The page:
The ubiquity of e-commerce has attracted much fakery — both on the part of sellers and users. Faked reviews using techniques such as "opinion spamming," "shilling," and "astroturfing" represent part of a much larger and still growing worldwide trend. One example is how people have come to consider reviews of travel sites and experiences as often not real. Similarly, people should be skeptical of many seller claims, particularly where these involve promises of better health and wealth.
Previous fraud stories have covered faked user reviews, fraudulent scientific research, and the scamming of authors who pay to have their work published in fake scientific journals. Some of the relevant advice is worth restating here. Meanwhile, the FTC is making strides against this kind of fraud and sending an appropriate message to its perpetrators. But what more can be done?
E-commerce companies such as Amazon have established quality standards — particularly when health and wealth-making claims are made by sellers. In this case, Cure Encapsulations violated Amazon's rules about promotional content. E-commerce sites also may demand and review verifiable supporting evidence. But, where such evidence is not forthcoming or sufficiently definitive, sellers' advertisements and offerings should be required to include a clear and suitable disclaimer that the product or service has not been independently verified.
Setting a stricter bar to require this kind of disclaimer would further discourage fraudulent claims and reviews. Signed disclosure agreements should be mandatory and should include identifying relationships among vendors, reviewers, and entities such as products and stores. This is particularly necessary where there may be compensation, either in kind or financially. Companies should conduct regular spot checks and audits of both disclosure agreements and disclaimers.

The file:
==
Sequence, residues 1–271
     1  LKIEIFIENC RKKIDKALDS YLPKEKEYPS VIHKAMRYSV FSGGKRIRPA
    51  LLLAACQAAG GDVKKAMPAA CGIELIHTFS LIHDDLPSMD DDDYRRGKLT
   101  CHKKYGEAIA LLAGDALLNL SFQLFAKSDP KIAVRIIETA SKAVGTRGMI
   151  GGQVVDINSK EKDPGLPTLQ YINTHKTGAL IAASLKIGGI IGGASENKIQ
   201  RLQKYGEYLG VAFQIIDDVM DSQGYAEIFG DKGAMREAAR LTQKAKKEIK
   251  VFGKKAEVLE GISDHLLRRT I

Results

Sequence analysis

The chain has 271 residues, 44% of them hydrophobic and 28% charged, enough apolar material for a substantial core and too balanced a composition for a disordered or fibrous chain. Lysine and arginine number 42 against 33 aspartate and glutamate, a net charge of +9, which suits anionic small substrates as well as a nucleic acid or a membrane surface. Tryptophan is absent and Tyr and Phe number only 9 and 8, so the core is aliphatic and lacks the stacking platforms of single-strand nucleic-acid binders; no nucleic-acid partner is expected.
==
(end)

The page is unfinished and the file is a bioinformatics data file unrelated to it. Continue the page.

To look for this type of fraud, companies that host sellers, and their internal auditors, need to use statistical and artificial intelligence-based fraud-detection methodologies. Quantitative, web-based data mining such as pattern discovery and relational modeling can be particularly effective at finding red flags, including:
- Reviewer behaviors that should be further scrutinized. Public data available from websites can be data-mined, including user profile/reviewer IDs, time of posting, frequency of posting, instances of first reviewers of products, and posting of the same or similar reviews at other locations of the same company. For example, a username that has more than three numbers at the end could indicate an automated program is at work.
Also, search website private/internal data, such as internet protocol and media access control addresses, time taken to post a review, the number of reviewers who created accounts around the same time — including at the time a domain name was registered — and physical location of the reviewer. Follow up on any behavioral red flags detected.
- The content of reviews. This includes obvious content and style similarities among reviews by different reviewers, and copying and pasting reviews by other reviewers. Patterns in the use of overly positive, and negative, language or marketing jargon normally not used by most people also can be signs of made-up reviews. Finally, look for unique phrasings such as word n-grams and part-of-speech n-grams — contiguous sequences of n items from a given sample of text or speech — which can be searched via data mining.